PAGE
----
KALISPELL — The Flathead County Commission voted unanimously Tuesday to cancel a buy/sell agreement for the purchase of the Weyerhaeuser property in Columbia Falls as the potential site for a new detention center.
“The commissioner’s decision was made after hearing from county and community stakeholders, including the public to not proceed with further consideration of a purchase of the Weyerhaeuser property in Columbia Falls,” said County Manager Mike Pence.
After entering into a 60-day buy/sell agreement to buy the 24 acres of land and a 35,000-square-foot office building commonly called the Cedar Palace in Columbia Falls, the commission heard from numerous Columbia Falls residents unhappy with the idea of building a new, 260-bed jail in their community.
The commission also heard from judges, law enforcement, probation officers and attorneys on the challenges the county’s justice system would face by locating the detention center so far from the justice center in downtown Kalispell, Pence said.
The county will likely now look for a site closer to the current justice center.
“We always knew that there was the issue regarding distance with the Weyerhaeuser site,” Pence said.
The site in Columbia Falls was one of three the commission had identified so far, but it may now begin to look for others.
Both the other two sites currently under consideration have some infrastructure challenges to overcome, including a lack of on-site utilities. The other sites include parcels just off Willow Glen Drive in the south Kalispell area and on U.S. Highway 93 at the old Kalispell Feed and Grain property.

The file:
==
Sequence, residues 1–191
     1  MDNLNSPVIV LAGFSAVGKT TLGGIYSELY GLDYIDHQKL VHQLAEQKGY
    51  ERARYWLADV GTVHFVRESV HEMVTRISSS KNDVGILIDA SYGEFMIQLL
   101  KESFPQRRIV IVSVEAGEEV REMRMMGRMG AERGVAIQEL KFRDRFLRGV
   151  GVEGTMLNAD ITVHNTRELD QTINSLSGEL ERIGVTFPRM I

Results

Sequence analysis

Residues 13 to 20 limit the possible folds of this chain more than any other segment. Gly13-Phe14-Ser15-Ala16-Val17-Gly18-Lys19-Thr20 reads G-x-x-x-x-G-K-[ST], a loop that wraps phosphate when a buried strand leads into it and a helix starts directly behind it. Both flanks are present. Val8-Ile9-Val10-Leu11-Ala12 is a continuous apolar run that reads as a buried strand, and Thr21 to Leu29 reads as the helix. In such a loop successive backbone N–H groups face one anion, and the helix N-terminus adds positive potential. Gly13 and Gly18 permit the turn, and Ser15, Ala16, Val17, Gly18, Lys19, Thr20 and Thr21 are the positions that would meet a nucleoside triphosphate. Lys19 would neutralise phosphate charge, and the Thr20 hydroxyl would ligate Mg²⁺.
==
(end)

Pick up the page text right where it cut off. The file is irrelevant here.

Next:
Columbia Falls residents expressed concerns the new detention center could affect local property values and hurt the community through lost tax revenues.
The current detention center was constructed in 1984 in the courthouse complex in the center of Kalispell. The county has converted several spaces in the justice center to accommodate the increasing numbers of inmates.
The current detention center has 164 beds. Its daily current average inmate population is 130.
A recent addition that added 40 beds in a dormitory-style setting has given the county some breathing room, but most expect that capacity to be maxed out in the next few years as the area continues to grow.
Getting a new detention building constructed could take several years. To pay for the project, county voters would also first have to approve a bond that's estimated to run somewhere close to $50 million.
That estimate was made after considering the $40 million Gallatin County spent eight years ago to build its own new detention center, and adding on some expected inflation.
“Their county is almost identical to ours … but we’re just using that as a base,” Pence said. “Until we have some actual architectural drawings, we can’t develop a completely accurate estimate.”
In the meantime, Pence said the county will keep planning and looking for a new location.